the volunteer hours for the hospital. And and Greenwood's. Was was 3865. And the the balance of that 31,000 that I told you about was from the thrift shop. And the people who knit for our showcase in the hospital not all the baby coats and sweaters and so on. And they make up the rest of those, you know, it takes quite a while to knit a little baby's outfit. Sometimes in every case, somebody comes along and buys sets at the showcase, though there isn't anybody there all the time. We do spend a lot of time doing. But the girls in the office are to be really thanked because they're the ones that look after we make about $4,000 approximately for the case for the auxilary every year. Well that's what we made last year in the year before and the main source of money comes from the thrift shop. The dedication of the volunteers is fantastic. The community also plays a big part without your discards and they are somebody else's treasures. With the money would not be there. I hope that you will keep in mind when you're discarding items that you do not need. Remember the thrift shop I'm very sorry to say we can't accept furniture. We do not have any room. I had I brought a picture here. And it's from 1936 It's 50 years 1936 to 1986. It was made by Guang Rocco and each one you will see at the beginning of the blog and how much money we all need to come up to the top and I think it's around $40,000 there. We made just a little over Have $50,000 Last year I think the figure Greenwood's and the hospital equipment that was given according to our books for 1991 was $223,120. That's a lot of money that is made, you know, buys just selling. It's sometimes just the five and 10 cent things really add up. I hope this has been of some interest to what the auxilary is on the boat. The exemplary meets every fourth Monday in Ganges United Church at 2pm. And new members are always welcome. We have about 125 to 150. I just just if you haven't been lately to see the hospitals showcase, I hope you will go we now have people now know that the showcases has nice things for sale, we have no GST because we're all donated, we buy the wool, and then we give it to the people who wish to knit. And now we are having people who are visiting the hospital with just come up to buy their baby clothes and things for their presents from the hospital. So please keep it in mind. You know, every little penny helps. So I'm glad that su could give you the beginning of it. And I'm trying to do part of the work. And I think that's all I can say this is this is a picture that lives in the annual hospital the last annual meeting and it says here that the hospital gave us the 68,000 then hospital receive 68,453 67 And then it tells you all the things that they had they had a monitor and UMass pimatic Turn the key urology equipment IV infusion pump. O R X ray table Tom Otto diluter for the marquetry called laser for Dizzy physiotherapy. And for our washer, we wondered about the foam washer. They didn't get it very easy, I'll tell you we discussed plenty, but then we found out that it made so much difference in cleaning the wards that we decided well, we would find the floor washer and it has been a blessing and then they have a film processor. Now that was just in one year. So you know we do a lot and this next meeting the the the administrating, Vicky purchase is going to come and she brings what we call her wish list. And she tells us all the things that the hospital needs, what the government will help with but we will we always pick out something that we are able to buy ourselves. So as soon as it gets to the hospital and they have the invoice we go and pay for it. I hope you've enjoyed Sue's talk because hers is really interesting. Mine is done. Thank you very much for listening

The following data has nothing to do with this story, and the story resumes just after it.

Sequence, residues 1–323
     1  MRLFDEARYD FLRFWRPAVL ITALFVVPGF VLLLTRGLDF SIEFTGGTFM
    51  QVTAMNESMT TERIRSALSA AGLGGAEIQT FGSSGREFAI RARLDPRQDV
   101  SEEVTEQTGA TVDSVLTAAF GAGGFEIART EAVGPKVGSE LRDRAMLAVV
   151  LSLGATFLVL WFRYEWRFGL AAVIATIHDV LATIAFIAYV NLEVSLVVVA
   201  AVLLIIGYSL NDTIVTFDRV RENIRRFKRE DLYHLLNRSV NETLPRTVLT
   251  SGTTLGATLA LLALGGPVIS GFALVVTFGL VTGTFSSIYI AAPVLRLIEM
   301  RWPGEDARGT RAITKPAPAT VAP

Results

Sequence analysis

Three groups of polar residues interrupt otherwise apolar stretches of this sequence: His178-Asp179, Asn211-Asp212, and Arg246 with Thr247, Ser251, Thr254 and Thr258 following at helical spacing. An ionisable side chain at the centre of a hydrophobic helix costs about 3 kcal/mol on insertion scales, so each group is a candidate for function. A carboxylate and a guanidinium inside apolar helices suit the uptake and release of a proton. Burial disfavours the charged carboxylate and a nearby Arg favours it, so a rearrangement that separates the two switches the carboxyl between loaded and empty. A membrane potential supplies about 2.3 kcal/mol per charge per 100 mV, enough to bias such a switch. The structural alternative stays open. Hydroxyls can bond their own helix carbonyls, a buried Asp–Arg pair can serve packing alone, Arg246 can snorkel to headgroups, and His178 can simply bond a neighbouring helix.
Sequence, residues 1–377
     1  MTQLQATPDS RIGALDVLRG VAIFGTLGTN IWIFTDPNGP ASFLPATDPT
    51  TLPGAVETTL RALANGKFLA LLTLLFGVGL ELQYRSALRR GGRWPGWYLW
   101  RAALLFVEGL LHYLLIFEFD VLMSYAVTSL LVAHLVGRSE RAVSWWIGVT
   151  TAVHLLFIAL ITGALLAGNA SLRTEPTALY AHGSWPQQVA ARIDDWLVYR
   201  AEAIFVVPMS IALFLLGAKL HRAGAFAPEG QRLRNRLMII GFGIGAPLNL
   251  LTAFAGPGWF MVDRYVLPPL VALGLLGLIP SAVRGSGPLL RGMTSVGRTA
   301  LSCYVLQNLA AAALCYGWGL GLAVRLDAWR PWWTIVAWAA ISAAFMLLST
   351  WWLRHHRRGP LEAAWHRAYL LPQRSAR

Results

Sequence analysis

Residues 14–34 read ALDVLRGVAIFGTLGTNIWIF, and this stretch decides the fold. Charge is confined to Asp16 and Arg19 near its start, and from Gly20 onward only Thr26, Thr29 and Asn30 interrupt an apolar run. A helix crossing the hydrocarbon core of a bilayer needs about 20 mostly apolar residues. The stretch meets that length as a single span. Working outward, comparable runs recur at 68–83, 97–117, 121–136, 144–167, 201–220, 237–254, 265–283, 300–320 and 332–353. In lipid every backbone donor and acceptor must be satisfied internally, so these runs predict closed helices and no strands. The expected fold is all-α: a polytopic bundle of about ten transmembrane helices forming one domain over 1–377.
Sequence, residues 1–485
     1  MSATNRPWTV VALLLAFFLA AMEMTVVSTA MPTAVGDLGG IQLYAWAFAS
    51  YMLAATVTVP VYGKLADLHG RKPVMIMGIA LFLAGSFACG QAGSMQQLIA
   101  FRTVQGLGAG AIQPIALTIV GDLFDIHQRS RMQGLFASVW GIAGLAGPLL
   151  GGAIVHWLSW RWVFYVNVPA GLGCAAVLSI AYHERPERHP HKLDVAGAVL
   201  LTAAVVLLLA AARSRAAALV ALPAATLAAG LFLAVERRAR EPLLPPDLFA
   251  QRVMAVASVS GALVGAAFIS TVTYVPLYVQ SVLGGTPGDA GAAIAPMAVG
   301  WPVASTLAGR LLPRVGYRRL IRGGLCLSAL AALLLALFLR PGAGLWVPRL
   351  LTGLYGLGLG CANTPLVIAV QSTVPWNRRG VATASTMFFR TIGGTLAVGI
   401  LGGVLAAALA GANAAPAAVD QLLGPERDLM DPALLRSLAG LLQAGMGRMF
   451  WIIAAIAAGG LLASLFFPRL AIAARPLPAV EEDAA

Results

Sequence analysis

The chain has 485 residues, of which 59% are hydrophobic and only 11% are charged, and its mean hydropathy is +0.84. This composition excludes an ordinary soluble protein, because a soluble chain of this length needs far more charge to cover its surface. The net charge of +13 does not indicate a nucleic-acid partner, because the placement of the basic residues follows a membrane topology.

Unknown Speaker 24:15
Oh yes, I see your name a lot. I have all the board minutes from 1920 to 1945. And unfortunately again, the first board minutes from 1914 to 1920 are missing which is too bad.

Unknown Speaker 24:29
Also we give them we always make a special cake for hospital day for the staff that you know represents Florence Nightingale's birthday, and we always have a big cake made for them and put down in their lunch room.

Unknown Speaker 24:46
Find a membership of the hospital utility rate has gone up in proportion to the rise in population over the Oh yes, yes,

Unknown Speaker 24:56
we had. I think it was three or four Our new members last again each each week. But you gotta remember too that a lot of us are getting older and cannot work. And you know, sometimes do not turn out. But even we're getting older. They've really done great work because we've been will soon be celebrating the 75th. So that's quite a time

Unknown Speaker 25:29
thank you very much for speaking. Absolutely fascinating. I feel that although you said it was mainly a mental hospital, I think it's my Vancouver general when you see the size of the fingers of ours and money that you can raise, I really think it's a problem. Thank you both very much.

Unknown Speaker 25:48
I would like to say when the sheet comes out for the provincial or when we go we always go to the conferences we send two or three people to the conferences. They cannot get over how much money we make for the sides of us there are other bigger but they are bigger hospitals and how many hours we put in. We really are working your salary if you join the auxilary that Cid you do some kind of work and you have your choice to come where you want. Some, some camp, take extended care. Some only want to knit some don't mind making cakes doesn't matter what gifts. It takes everybody to make it go